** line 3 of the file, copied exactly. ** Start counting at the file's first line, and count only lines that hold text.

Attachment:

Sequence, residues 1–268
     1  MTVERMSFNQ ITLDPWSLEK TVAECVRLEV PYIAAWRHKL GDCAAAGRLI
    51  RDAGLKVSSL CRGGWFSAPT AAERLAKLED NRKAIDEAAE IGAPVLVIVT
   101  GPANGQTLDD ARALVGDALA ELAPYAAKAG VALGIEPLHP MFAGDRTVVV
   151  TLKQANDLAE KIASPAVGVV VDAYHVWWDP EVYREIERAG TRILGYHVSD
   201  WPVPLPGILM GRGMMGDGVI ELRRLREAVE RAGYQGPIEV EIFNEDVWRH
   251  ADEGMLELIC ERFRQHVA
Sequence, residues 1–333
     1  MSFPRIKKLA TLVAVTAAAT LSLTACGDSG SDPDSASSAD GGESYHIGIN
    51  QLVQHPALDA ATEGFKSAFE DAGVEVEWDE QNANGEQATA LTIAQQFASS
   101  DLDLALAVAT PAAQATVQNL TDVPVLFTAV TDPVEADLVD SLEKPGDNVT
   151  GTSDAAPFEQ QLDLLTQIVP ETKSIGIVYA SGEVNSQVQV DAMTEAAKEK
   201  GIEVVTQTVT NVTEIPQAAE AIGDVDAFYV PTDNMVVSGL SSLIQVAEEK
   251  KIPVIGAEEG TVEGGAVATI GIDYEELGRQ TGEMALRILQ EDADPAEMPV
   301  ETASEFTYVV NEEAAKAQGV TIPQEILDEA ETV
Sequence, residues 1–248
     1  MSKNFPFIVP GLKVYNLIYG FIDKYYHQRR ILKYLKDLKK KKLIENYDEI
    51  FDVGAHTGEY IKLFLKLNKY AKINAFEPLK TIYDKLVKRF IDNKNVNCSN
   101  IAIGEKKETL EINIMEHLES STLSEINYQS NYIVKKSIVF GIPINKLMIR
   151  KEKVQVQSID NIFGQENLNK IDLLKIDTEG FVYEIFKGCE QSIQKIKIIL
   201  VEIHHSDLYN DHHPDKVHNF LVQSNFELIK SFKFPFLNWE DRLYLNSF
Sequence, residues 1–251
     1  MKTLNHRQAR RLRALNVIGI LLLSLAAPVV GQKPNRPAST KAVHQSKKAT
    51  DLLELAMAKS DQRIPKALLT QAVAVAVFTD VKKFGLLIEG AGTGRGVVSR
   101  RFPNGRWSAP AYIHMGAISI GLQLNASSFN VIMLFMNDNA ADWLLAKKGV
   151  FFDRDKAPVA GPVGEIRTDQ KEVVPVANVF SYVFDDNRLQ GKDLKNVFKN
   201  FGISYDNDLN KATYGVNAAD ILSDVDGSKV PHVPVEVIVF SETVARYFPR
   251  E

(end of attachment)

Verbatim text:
    51  RDAGLKVSSL CRGGWFSAPT AAERLAKLED NRKAIDEAAE IGAPVLVIVT